Reuse in the Bronx

March 13, 2013
A rooftop greenhouse's efficiency is enhanced with rainwater harvesting

The Forest House development in the Bronx is part of Mayor Michael R. Bloomberg’s $7.5 billion New Housing Marketplace Plan to provide affordable housing for 500,000 New Yorkers. Forest House is a nine-story, energy-efficient, precast concrete building with affordable housing units and a landscaped open space with an underground parking area. A unique feature of the Forest House development is the incorporation of a large rooftop hydroponic greenhouse that will yield between 80,000 and 100,000 lb of fresh produce each year for distribution to residents and local markets. 

Storm Water Management

Once developed, the approximately 2/3-acre site will be a virtually 100% impervious area with storm water runoff draining into the city’s combined sewer system. Like many older cities with combined sewer systems, rainfall events in New York City place a tremendous burden on the municipal wastewater treatment plants. According to Forest House MEP engineer Chris Sideris, in keeping with New York City’s Site Connection Regulations, a detention tank was required to slow rainwater runoff from the site to reduce impact on the treatment plants associated with rain events.  

“We saw the detention requirement as an opportunity to explore rainwater harvesting as a means to reduce the significant potable water demands of the hydroponic greenhouse system,” said Les Bluestone, principal with developer Blue Sea Development LLC. 

In this situation, the harvesting system not only would reduce potable water demand, but also prevent a significant amount of storm water runoff from entering the combined sewer system, thereby reducing the load on the municipal wastewater treatment plant and the incidence or magnitude of combined sewer overflows. Blue Sea relied on its longtime vendor Oldcastle Precast to provide the complete harvesting system.

Solution Provided

With limited site space at Forest House, Oldcastle’s underground storm water retention tanks were a good fit for installation under the down ramp into the below-deck parking garage. Total storm water storage provided by the dual-tank system is approximately 16,000 gal. To further reduce footprint issues, the precast cistern system was constructed with a secondary internal chamber to provide outlet control and separation from the combined sewer system.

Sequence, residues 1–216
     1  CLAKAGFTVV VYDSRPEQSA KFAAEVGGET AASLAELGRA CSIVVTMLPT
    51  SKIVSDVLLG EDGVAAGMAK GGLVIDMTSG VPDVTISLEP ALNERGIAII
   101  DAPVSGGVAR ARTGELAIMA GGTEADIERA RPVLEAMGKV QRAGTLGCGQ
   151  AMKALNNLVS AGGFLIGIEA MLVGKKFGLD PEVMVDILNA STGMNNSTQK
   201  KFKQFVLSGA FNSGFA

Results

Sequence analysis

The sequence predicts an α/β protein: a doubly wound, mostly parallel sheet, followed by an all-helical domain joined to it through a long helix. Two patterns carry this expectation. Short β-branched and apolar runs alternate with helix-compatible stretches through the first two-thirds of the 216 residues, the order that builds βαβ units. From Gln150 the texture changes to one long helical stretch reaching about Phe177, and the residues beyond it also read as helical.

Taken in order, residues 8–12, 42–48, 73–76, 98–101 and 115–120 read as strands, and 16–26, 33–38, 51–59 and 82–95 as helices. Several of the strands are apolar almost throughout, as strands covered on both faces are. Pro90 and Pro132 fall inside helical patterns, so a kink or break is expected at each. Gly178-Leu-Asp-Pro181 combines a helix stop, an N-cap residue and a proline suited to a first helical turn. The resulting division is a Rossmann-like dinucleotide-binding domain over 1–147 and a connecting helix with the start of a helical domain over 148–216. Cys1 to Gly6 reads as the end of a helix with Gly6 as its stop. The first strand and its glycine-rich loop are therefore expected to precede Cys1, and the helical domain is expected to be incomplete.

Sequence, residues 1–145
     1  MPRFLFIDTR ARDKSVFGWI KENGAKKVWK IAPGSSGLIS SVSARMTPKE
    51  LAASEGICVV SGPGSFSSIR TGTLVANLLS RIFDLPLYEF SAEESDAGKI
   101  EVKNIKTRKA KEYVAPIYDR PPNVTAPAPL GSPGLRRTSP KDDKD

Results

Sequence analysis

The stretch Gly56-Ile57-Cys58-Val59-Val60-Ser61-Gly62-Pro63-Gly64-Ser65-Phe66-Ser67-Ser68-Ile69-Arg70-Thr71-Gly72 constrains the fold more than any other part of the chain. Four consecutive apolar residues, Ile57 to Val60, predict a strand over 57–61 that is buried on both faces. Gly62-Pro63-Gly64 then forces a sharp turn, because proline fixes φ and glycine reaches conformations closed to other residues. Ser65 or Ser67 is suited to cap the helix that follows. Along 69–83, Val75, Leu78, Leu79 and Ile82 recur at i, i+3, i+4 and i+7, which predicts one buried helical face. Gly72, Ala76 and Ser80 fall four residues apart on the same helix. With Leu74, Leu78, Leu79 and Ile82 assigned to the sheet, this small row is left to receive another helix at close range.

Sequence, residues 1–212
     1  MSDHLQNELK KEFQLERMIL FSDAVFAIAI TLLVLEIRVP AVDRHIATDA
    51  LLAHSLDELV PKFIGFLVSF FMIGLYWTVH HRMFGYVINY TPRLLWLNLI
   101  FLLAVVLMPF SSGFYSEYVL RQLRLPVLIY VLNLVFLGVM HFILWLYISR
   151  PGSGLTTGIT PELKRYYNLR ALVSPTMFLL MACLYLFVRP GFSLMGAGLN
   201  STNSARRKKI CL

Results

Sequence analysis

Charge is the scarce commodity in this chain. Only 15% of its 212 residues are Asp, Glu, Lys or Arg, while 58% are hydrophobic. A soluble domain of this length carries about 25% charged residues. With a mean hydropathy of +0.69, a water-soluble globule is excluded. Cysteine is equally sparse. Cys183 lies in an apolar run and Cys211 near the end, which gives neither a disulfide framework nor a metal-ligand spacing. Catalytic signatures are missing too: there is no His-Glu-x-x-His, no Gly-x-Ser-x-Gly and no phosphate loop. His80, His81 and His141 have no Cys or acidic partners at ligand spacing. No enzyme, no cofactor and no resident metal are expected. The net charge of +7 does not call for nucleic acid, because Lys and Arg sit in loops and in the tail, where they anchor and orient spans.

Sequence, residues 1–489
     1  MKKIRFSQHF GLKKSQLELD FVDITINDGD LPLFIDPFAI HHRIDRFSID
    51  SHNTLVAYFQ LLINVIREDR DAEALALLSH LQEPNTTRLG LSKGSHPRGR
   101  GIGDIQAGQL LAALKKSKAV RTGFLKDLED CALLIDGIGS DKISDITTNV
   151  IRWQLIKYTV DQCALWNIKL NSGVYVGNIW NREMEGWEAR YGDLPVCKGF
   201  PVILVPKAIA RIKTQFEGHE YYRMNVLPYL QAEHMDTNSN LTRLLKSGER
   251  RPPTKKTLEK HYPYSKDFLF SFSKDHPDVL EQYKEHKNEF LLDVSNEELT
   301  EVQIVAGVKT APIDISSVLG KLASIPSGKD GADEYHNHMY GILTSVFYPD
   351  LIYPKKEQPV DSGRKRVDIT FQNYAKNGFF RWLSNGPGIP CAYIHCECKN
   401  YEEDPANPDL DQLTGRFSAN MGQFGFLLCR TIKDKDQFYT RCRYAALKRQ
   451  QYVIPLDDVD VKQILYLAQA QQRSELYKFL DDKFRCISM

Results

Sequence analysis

Rainwater runoff from rooftop downspouts and landscape area drains will be delivered through 8-in. pipes to downspout filters and on to the underground cistern. The downspout filters will prevent coarse sediment particles, leaves and other debris from entering the cistern. Once inside the cistern, a small transfer pump will transfer the harvested water to the central processing skid located in a utility closet in the basement of Forest House.

The processing system will incorporate a polishing filter system, ultraviolet (UV) disinfection, day tank and booster pumps. The polishing filters are used to remove any fine particles that might interfere with fixture function. The UV disinfection system will ensure that no harmful bacteria exist in the harvested water, and the day tank will provide a connection location for the municipal water backup supply to the greenhouse. The energy-efficient booster pump will provide sufficient pressure and volume of water to the rooftop greenhouse facility. The harvesting system will function from a central control panel that will provide pump and valve control, monitor equipment function and operational reports, and send data both locally and to the building automation system.